A 2D Metal Compound Shows a Superconducting Surprise

A 2D Metal Compound Shows a Superconducting Surprise

Physics 13, s152

A cesium-rich “kagome” metal is both a topological insulator and a superconductor, making it a compelling material for future quantum technologies.

B. Ortiz et al. [1]

For quantum computing applications, a topological superconductor is the stuff of dreams. Such a material could protect qubits from the environment, leading to an extremely long coherence time. Researchers think that a new class of materials called kagome metals might be topological superconductors, as they have topological electronic structures, and they can host superconducting correlated-electron phenomena. But researchers have struggled to simultaneously realize both properties in these metals. Now Brenden Ortiz of the University of California, Santa Barbara, and colleagues have synthesized a superconducting kagome metal that has topologically protected surface states [1]. Their material provides a platform for exploring how superconductivity emerges from electronic structures in topological materials.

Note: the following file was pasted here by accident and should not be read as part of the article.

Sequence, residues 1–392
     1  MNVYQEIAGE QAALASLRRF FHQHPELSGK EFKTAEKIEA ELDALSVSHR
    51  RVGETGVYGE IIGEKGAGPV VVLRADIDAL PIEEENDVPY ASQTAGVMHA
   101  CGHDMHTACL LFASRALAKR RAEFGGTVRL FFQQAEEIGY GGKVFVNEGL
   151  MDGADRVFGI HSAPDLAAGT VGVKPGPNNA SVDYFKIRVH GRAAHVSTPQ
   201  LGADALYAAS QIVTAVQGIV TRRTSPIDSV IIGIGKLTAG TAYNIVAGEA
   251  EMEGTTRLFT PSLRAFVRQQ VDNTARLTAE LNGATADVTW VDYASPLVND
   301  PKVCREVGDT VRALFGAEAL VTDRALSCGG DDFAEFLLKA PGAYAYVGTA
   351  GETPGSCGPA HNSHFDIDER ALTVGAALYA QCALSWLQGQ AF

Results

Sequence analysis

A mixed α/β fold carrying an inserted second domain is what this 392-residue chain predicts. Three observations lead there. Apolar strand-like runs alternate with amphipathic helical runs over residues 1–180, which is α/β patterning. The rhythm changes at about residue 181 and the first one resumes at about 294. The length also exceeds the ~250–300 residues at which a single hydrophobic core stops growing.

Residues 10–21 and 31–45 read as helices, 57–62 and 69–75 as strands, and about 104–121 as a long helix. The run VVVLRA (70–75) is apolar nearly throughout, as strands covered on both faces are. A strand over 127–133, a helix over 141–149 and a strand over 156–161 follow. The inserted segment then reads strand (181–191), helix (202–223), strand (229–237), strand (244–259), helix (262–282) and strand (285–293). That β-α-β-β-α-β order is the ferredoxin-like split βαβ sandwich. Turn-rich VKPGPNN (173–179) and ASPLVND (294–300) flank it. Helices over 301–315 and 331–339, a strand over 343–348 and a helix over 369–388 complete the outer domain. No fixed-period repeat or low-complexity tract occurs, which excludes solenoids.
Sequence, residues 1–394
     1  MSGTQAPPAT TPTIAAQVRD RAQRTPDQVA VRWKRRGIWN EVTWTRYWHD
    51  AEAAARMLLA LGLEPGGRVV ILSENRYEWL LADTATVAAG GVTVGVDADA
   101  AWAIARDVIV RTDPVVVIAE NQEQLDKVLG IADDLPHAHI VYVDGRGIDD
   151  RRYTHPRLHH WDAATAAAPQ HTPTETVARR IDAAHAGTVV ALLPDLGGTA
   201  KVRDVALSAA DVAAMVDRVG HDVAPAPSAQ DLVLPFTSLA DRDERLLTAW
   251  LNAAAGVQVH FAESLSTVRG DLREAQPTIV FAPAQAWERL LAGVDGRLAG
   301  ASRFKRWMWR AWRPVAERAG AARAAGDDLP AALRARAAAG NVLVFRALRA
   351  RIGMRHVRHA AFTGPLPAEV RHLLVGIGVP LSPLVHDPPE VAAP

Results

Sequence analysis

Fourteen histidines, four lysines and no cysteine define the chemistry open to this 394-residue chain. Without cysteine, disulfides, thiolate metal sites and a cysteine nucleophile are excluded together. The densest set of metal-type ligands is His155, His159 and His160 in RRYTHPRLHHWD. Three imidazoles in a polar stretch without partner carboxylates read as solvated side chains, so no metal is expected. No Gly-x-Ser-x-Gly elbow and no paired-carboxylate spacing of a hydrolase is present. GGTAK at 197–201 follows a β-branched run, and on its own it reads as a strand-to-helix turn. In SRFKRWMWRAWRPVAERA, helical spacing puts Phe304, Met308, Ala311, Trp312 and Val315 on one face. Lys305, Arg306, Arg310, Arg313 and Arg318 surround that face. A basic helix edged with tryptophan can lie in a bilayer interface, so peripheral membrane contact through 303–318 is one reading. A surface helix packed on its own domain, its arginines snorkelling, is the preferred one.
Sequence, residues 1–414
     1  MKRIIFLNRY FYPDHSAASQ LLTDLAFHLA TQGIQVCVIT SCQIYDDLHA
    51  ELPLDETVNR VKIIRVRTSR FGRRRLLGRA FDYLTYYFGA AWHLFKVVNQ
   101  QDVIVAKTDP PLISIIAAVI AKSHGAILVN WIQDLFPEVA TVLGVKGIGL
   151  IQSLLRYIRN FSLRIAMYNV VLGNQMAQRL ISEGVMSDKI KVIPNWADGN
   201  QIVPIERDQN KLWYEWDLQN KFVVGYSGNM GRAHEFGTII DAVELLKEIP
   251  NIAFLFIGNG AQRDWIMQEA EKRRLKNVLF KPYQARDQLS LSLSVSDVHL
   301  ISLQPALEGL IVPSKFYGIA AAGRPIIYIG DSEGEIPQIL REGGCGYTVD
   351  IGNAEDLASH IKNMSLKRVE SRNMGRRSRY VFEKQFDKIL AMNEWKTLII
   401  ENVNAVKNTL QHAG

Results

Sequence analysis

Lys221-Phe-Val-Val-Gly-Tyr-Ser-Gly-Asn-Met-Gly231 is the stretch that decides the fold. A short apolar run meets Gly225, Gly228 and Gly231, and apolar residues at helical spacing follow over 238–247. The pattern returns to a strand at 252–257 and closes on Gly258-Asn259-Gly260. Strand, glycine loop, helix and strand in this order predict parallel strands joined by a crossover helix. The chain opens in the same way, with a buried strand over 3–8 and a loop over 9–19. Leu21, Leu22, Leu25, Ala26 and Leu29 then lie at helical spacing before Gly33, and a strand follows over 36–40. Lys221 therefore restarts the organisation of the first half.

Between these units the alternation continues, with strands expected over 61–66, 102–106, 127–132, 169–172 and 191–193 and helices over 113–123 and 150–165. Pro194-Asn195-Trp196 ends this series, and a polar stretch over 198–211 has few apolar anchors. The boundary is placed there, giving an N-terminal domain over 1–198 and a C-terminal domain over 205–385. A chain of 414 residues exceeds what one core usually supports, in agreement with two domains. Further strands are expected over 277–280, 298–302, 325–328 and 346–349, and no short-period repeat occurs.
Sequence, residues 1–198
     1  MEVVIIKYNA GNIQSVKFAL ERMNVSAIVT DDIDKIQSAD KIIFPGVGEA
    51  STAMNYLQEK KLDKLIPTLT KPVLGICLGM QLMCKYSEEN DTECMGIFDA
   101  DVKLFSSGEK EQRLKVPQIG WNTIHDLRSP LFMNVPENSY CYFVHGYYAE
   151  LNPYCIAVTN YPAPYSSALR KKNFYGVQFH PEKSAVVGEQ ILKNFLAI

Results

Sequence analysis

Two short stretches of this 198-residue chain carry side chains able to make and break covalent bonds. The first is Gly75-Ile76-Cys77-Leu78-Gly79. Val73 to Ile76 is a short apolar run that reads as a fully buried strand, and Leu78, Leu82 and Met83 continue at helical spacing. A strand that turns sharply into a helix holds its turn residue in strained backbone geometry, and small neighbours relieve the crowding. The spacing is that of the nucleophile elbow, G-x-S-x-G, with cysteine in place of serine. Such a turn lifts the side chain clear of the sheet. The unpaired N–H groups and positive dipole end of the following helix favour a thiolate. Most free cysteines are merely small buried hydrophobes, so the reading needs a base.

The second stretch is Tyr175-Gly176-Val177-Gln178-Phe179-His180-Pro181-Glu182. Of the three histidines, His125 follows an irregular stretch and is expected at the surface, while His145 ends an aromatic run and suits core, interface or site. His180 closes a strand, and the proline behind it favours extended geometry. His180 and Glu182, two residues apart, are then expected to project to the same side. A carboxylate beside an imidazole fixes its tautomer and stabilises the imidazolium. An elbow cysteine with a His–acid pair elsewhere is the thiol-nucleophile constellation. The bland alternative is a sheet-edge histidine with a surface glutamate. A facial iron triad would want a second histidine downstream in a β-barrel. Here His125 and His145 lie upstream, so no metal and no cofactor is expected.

Ortiz and his colleagues synthesized a cesium-rich material that forms a layered crystalline metal. The lattice structure of each layer resembles that of a Japanese basket-weaving pattern known as kagome. Taking a 2D thin film of this material, they characterized its electronic structure using spectroscopy measurements and calculations, revealing that it supports edge or surface states that act as one-way conductance channels. They also probed the metal’s magnetization, heat capacity, and electrical resistivity, showing that it starts superconducting at 2.5 K. That’s surprising, the researchers say, because until now, only 3D versions of kagome metals have demonstrated superconductivity.

The researchers note that the superconducting temperature of this cesium-rich metal does not make it a sought-after high-temperature superconductor. The superconductivity also has no obvious connection to any topological feature. Despite those limitations, they still think that the metal presents a model material for probing how superconducting electrons and surface-state electrons influence each other’s behavior.

–Rachel Berkowitz

Rachel Berkowitz is a Corresponding Editor for Physics based in Vancouver, Canada.


  1. B. Ortiz et al., “

    : A


    topological kagome metal with a superconducting ground state,” Phys. Rev. Lett. 125, 247002 (2020).

Subject Areas

Condensed Matter Physics

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